Brown turned 29 Jan. 6 and still has the physical tools to be a solid starter in the league. And given his decrease in production during his contract season, he might not be out of the 49ers' price range.
Last spring, Brown missed out on a $2 million workout bonus when he stayed in Texas instead of coming to the team's facility to participate in a portion of the offseason. According to reports, San Francisco's brass recently gave Brown $300,000 to make up for the mistake that Brown tabbed as a miscommunication between him and his agent.
Cox could also return within the 49ers' price range. They liked the way he played in the postseason and could see an expanded role should he return. Cox was one of the team's most physical corners in terms of stopping the run, which came to light in the win against Green Bay. But the price could rise for the 27-year-old on the open market.
Morris, the undrafted rookie who joined the team last spring was a pleasant surprise. Perhaps the fastest player on the roster, the Texas State alum stood out on special teams, often trailing kick coverages to prevent opponents from breaking big kickoff returns. As a gunner on the punt team, Morris forced a fumble from Titans' returner Darius Reynaud that ended up being a touchdown for Kassim Osgood Week 7.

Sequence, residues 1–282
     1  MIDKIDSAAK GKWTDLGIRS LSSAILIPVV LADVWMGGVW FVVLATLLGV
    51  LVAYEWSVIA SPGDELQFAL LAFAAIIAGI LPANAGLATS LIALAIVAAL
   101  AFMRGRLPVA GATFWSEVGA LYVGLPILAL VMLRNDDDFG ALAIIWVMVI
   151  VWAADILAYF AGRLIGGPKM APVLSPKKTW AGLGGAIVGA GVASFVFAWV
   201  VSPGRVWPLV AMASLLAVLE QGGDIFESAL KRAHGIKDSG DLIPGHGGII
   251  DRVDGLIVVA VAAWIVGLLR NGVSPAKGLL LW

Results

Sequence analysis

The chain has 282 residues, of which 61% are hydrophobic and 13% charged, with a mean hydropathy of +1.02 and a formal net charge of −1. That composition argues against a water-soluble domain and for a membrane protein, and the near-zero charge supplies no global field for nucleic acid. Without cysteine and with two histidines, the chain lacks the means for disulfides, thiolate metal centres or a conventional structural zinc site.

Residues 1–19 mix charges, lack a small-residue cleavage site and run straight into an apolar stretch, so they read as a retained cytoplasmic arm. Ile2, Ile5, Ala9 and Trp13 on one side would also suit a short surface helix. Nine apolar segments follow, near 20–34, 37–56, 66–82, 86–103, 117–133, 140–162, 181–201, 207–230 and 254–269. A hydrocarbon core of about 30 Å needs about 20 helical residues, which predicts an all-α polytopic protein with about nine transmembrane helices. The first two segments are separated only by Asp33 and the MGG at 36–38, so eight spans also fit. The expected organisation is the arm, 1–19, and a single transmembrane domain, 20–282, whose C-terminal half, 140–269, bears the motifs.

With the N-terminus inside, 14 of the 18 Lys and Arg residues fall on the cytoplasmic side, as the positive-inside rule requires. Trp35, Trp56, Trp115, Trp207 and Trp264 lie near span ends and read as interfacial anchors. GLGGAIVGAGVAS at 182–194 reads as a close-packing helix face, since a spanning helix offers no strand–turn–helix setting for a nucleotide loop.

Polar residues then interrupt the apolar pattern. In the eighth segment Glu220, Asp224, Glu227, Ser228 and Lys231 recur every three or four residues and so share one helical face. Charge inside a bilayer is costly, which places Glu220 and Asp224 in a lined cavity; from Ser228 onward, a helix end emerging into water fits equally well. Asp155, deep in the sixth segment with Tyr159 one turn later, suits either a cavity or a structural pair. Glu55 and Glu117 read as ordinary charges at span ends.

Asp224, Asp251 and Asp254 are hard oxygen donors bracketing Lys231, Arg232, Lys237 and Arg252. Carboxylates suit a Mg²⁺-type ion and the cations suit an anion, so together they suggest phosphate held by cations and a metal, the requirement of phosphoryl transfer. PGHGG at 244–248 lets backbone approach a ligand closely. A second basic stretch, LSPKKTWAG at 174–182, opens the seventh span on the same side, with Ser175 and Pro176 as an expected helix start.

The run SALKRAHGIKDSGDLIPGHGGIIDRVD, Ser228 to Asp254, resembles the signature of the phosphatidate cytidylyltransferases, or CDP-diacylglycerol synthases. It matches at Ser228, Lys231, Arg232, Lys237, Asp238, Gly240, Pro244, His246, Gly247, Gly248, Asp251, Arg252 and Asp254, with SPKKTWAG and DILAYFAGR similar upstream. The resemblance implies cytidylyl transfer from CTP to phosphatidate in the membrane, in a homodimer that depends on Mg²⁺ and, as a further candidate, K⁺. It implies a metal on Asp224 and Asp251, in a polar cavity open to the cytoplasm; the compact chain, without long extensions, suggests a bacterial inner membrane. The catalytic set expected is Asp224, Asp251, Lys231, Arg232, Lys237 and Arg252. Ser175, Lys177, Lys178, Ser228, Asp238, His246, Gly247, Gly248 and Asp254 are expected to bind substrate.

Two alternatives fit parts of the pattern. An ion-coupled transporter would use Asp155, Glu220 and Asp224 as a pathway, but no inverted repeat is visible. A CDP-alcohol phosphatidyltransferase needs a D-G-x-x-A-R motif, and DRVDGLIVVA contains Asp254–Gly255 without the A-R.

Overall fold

Morris spent training camp competing with fellow rookie Marcus Cooper, who was plucked by Kansas City when the 49ers tried to land him on the practice squad prior to the start of the regular season. Cooper ended up making a number of big plays for the Chiefs as their third corner. He was drafted in the seventh round after struggling to get in the starting lineup at Rutgers.
The team could also look toward a decent crop of free agents to bring in to upgrade the secondary. The bigger names on the list include the Bears' Charles Tillman, Dolphins' Brent Grimes, Broncos' Dominique Rogers-Cromartie and the Colts' Vontae Davis, brother of Vernon Davis. More affordable options could be Antoine Cason of the Cardinals, Captain Munnerlyn of Carolina, Brandon Browner or Walter Thurmond, both from Seattle.
Thanks to position coach Ed Donatell, the 49ers have shown an ability to find and develop good corners, which bodes well for them in this year's draft. Brown, a three-year starter, was taken in the fifth round in 2007. Brock went undrafted out of Bellhaven. Culliver was the highest drafted of the three, taken in the third round after converting from safety in college at South Carolina.
Corner figures to be one of the deeper positions this May giving Trent Baalke options aplenty at No. 30 overall in the draft. Or he could move up and select the corner of their liking, much like they did with Eric Reid last year, when they traded their first rounder and a third round pick with the Cowboys to move up to No. 18. San Francisco will likely be in the market for another safety in the early rounds this year with Donte Whitner likely to test the free agent market commanding more than the team is willing to spend.
The NFL combine begins Wednesday and free agents are allowed to being negotiating with new teams March 8.